- World No. 1 Luke Donald drawn with Rory McIlroy and Lee Westwood for U.S. Open
- Tiger Woods will play alongside Phil Mickelson and Masters champion Bubba Watson
- Woods is seeking his third U.S. Open title, while Mickelson has been runner-up five times
- The tournament features the return of Casey Martin, who needs to use a golf cart
The world's top golfers will play together at next week's U.S. Open as organizers have chosen to bring together big names for the season's second major.
Top-ranked Luke Donald will line up with defending champion Rory McIlroy and No. 3 Lee Westwood for the first two rounds at San Francisco's Olympic Club next Thursday and Friday.
And in another stellar group, 14-time major winner Tiger Woods will play with Masters champion Bubba Watson and five-time U.S. Open runner-up Phil Mickelson -- ranked fourth, fifth and 12th respectively.
Woods comes into the tournament on the back of his 73rd PGA Tour victory at the Memorial Tournament, where he tied its host Jack Nicklaus in second place on the all-time list behind Sam Snead.
The former world No. 1's last major win came at the 2008 U.S. Open, when he triumphed in a playoff despite a serious knee injury.
Four-time major winner Mickelson pulled out of last week's Ohio event after shooting 79 in his opening round, citing fatigue after a hectic schedule including his wife's 40th birthday. Mickelson's rivalry with Woods has provided many of golf's great moments in the past two decades.
They played together at Torrey Pines in 2008 when Woods won his fourth U.S. Open, but their last pairing at a major was the 2009 Masters -- where Mickelson was fifth and Woods tied sixth.
Watson has played only twice since April's Augusta triumph, finishing 18th in New Orleans and then missing the cut at Muirfield Village last week.
McIlroy also missed the cut at the Memorial, his third in a row. The Northern Irishman is playing at the St. Jude Classic in Memphis this week, and carded a two-under par 68 in his opening round on Thursday.
It left him in touch with the early leaders, but the 23-year-old reach just half of his greens in regulation and found less than half of his fairways in the first round.
He will need to be more accurate at the tree-lined Olympic Club, which has been totally revamped since it hosted the U.S. Open in 1998 and is expected to provide a stern test. If he wins in Memphis, he will take back the top spot from Donald.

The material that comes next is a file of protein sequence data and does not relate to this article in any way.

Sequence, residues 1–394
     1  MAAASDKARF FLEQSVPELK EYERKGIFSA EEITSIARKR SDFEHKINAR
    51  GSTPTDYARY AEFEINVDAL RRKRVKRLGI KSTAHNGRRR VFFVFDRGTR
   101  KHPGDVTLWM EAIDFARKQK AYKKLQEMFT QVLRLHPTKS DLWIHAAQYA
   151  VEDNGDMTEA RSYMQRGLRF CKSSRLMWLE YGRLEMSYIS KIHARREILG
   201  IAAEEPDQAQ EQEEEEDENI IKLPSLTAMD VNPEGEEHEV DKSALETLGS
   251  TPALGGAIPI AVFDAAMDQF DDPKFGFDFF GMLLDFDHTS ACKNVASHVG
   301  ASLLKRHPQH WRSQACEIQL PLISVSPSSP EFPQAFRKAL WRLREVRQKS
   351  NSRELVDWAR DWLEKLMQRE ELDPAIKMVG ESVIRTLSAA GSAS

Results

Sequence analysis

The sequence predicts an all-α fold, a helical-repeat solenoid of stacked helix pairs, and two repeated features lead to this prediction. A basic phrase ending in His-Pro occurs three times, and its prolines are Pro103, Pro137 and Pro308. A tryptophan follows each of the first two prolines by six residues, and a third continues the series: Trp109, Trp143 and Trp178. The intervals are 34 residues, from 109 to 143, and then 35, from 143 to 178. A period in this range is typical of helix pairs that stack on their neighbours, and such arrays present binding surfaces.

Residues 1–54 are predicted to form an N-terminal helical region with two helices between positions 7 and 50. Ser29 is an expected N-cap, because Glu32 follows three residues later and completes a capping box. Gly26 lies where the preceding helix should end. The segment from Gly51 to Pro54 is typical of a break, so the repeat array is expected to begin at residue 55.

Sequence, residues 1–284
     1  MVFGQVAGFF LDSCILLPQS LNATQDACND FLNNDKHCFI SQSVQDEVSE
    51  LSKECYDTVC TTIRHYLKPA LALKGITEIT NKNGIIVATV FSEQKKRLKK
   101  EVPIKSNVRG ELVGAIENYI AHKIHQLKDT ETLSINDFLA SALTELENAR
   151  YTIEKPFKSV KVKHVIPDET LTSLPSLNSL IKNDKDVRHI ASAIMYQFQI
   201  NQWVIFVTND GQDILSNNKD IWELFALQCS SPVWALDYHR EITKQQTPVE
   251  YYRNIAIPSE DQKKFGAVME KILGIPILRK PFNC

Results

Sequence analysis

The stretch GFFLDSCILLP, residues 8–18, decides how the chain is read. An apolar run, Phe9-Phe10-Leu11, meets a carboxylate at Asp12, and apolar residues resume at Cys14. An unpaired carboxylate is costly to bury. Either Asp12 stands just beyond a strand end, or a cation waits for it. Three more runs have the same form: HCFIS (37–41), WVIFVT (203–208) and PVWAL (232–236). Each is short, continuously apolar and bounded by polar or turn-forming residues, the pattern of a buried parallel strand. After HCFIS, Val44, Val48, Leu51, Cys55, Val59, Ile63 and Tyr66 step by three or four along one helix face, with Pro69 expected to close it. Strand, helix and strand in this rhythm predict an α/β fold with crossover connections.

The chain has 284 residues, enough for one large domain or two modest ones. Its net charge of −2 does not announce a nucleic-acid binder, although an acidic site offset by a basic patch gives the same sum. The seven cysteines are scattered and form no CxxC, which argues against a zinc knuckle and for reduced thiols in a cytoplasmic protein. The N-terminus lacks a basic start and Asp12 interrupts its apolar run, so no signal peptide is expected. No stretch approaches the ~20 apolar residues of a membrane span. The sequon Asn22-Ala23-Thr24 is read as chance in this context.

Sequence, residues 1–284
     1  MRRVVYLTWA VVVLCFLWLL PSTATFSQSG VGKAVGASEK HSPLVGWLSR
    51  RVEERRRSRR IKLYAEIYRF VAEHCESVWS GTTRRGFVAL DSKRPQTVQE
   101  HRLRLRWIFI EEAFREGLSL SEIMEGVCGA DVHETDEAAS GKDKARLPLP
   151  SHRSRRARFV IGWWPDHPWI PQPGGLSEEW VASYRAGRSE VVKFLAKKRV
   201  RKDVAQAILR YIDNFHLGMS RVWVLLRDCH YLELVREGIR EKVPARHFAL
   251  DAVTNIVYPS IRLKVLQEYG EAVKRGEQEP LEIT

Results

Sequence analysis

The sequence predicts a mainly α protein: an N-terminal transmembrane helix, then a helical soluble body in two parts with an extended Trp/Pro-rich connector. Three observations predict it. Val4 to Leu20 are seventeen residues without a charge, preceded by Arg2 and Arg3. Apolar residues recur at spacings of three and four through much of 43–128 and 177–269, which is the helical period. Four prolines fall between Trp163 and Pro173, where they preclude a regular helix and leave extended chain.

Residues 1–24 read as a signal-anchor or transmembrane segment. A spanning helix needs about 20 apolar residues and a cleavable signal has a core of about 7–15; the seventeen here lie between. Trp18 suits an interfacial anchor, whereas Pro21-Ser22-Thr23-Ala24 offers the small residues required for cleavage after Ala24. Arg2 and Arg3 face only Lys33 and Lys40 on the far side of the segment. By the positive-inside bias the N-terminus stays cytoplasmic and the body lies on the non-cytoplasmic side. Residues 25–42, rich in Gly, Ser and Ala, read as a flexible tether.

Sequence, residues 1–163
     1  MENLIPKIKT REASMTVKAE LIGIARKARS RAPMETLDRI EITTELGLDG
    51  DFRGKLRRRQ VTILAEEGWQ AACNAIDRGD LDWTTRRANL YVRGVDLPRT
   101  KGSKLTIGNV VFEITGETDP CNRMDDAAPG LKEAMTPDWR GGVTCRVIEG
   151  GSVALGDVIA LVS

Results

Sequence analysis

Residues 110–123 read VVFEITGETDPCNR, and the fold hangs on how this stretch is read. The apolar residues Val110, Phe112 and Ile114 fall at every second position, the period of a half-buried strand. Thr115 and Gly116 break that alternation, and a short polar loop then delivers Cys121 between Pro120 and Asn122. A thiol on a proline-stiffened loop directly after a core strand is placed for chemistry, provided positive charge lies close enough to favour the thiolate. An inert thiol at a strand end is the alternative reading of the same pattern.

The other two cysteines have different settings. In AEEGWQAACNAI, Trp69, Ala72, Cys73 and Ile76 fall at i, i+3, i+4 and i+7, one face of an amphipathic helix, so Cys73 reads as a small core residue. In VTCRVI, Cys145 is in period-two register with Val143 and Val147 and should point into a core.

Donald has taken a break this week after finishing 12th at the Memorial, and he will be seeking his first major along with fellow Englishman and former world No. 1 Westwood.
Westwood is playing at the European Tour's Scandinavian Masters in Sweden, where he has a three-stroke lead at the halfway stage.
The 39-year-old shot 64 in his second round on Thursday as he seeks his third victory at the event, having won it in 2000 and 1996 -- his first professional title.
In other notable groups next week, McIlroy's compatriot Graeme McDowell -- the 2010 U.S. Open champion -- will play with 2003 winner Jim Furyk and another former world No. 2, Sergio Garcia of Spain.
South Africa's two-time U.S. Open champion Ernie Els will play with 2006 winner Geoff Ogilvy of Australia and Argentina's Angel Cabrera, who won it in 2007 and the Masters two years later.
U.S. Ryder Cup captain Davis Love came through Monday's qualifying and will line up alongside Ireland's three-time major champion Padraig Harrington and fellow American veteran David Toms.
Retief Goosen, another South African to have won the tournament twice, will play with former world No. 1 Vijay Singh and 2007 Masters champion Zach Johnson, who has won once on the PGA Tour this season.
There will be an all-South Korean grouping consisting of eight-time PGA Tour winner K.J. Choi, fellow veteran Y.E. Yang (who famously headed off Woods to take the 2009 PGA Championship) and promising 25-year-old K.T. Kim -- who played for the International team at last year's Presidents Cup.
The field also includes Casey Martin, who came through qualifying this week to earn his first major start since 1998.
The 40-year-old, now a university coach in Oregon, needs to use a golf cart due to a circulatory disorder in his leg that means he cannot walk 18 holes.